He had a deed to do that had to be done at night,
back in Caum if the car was right
the job would be done before closing-time.
Morning was spent shearing with a pair of nifty clippers,
I was driver to the agile man of the cliffs,
a fine day out for one of the learners of Irish.
The smell of piss, a bustling dog, the maa of the flock, dye marks,
frightened eyes of the sheep as he wrestled with them,
pinning them to the ground, subdued.
The scissors-chop of sharp blades unfolding fleece,
my ears cocked like barbed wire
picking tufts of the wool of speech.
He appeared in the door light and the engine not yet stopped,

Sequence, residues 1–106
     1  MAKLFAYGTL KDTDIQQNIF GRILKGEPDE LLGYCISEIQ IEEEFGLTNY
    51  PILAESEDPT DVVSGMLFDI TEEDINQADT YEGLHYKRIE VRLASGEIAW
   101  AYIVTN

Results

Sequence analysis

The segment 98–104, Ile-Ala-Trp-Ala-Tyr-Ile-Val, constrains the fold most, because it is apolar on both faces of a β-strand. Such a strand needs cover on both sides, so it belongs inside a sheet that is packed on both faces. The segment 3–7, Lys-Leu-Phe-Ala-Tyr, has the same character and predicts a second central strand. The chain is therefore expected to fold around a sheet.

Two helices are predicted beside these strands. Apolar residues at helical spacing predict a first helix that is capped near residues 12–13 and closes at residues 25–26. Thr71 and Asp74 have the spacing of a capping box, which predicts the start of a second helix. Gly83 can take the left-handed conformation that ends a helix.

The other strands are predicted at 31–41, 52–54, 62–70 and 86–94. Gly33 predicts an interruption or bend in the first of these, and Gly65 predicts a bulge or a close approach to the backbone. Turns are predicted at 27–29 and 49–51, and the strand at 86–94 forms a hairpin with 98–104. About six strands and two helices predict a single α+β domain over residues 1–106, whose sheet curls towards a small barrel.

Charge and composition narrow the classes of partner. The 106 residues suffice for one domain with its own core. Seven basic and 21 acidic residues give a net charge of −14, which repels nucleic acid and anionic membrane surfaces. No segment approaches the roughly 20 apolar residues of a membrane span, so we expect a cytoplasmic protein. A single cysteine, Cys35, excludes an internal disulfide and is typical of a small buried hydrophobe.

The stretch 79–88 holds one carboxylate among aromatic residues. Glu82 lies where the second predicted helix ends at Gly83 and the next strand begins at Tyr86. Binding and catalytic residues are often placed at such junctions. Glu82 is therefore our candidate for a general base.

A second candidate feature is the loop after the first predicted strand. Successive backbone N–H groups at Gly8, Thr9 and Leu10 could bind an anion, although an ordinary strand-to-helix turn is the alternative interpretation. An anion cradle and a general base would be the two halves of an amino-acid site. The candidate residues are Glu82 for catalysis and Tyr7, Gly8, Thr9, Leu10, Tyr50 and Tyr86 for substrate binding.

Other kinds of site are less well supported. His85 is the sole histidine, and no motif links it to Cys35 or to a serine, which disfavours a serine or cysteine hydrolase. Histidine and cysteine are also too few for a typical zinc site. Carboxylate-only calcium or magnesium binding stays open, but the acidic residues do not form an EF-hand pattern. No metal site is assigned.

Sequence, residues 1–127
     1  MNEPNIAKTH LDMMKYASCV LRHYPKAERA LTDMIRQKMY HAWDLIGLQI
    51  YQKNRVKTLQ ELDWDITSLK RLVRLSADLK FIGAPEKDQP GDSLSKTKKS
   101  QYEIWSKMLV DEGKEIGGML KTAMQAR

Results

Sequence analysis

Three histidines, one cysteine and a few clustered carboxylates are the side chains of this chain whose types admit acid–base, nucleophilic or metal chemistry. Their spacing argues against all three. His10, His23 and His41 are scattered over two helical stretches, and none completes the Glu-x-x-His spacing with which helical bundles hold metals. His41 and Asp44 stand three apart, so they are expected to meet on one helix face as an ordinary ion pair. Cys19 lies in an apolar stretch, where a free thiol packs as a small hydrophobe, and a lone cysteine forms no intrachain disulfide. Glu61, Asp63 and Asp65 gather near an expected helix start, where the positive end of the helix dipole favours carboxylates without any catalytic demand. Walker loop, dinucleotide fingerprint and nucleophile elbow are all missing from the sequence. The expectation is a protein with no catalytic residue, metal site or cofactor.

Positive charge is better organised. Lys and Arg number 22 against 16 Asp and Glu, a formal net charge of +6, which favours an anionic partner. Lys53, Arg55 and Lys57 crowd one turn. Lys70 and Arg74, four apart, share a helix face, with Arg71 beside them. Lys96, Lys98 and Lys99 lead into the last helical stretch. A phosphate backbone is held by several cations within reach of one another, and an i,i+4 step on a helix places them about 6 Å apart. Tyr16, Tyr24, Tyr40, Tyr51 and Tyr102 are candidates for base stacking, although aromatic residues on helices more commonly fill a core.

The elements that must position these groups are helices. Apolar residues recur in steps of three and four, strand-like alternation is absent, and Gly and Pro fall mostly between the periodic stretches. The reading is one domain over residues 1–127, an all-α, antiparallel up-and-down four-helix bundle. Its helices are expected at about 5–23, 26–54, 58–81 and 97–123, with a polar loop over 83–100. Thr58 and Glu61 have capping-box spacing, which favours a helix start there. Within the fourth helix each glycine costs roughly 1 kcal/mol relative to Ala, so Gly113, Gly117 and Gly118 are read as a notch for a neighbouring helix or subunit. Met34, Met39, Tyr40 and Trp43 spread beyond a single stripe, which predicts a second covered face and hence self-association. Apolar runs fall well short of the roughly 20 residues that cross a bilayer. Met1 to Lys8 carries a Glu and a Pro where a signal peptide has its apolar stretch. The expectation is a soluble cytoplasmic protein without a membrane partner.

down from the hill gripping a fertilizer bag
he was in the seat beside me before I knew it.
I imagined one warm bundle of sleep heading for Slea Head,
not a whimper that would let the neighbours know
if the pups were drowned in daylight.
Out of sight of the village he threw the bundle powerfully over the wall,
without untying the knot, they would crash against a rock
crushed before the waves took them all.
Going home after Kruger’s pub, a bag of spuds as a reward,
the small ones and bigger ones swelled on the floor
live pups jostling for more room to grow.